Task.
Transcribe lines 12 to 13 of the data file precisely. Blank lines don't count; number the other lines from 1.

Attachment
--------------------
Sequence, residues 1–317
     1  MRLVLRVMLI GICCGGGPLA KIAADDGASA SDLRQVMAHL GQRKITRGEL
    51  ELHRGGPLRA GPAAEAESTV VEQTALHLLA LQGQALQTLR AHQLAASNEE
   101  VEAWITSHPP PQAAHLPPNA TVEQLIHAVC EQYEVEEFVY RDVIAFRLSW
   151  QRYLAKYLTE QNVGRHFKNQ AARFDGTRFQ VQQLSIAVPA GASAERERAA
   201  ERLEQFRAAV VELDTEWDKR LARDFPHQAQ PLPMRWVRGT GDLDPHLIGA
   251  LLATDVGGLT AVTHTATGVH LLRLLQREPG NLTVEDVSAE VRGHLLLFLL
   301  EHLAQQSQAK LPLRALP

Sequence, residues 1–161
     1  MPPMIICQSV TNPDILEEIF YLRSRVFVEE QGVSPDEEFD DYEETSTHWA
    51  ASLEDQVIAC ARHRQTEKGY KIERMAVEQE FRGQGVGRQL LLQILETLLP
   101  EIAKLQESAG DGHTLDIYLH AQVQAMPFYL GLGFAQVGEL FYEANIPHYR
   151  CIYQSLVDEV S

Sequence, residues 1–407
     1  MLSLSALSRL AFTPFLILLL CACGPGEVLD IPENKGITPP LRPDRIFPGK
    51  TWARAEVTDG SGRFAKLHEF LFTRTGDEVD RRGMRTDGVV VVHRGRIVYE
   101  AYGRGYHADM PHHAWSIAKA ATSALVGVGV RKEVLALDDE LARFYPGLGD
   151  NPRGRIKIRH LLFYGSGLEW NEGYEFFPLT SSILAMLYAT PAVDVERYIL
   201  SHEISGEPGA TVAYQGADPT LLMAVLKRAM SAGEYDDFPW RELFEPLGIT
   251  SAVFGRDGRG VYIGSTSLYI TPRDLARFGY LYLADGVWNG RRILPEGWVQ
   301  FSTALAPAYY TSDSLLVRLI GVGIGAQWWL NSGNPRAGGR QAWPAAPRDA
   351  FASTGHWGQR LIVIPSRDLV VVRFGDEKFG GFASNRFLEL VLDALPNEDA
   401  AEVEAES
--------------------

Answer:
   101  EIAKLQESAG DGHTLDIYLH AQVQAMPFYL GLGFAQVGEL FYEANIPHYR
   151  CIYQSLVDEV S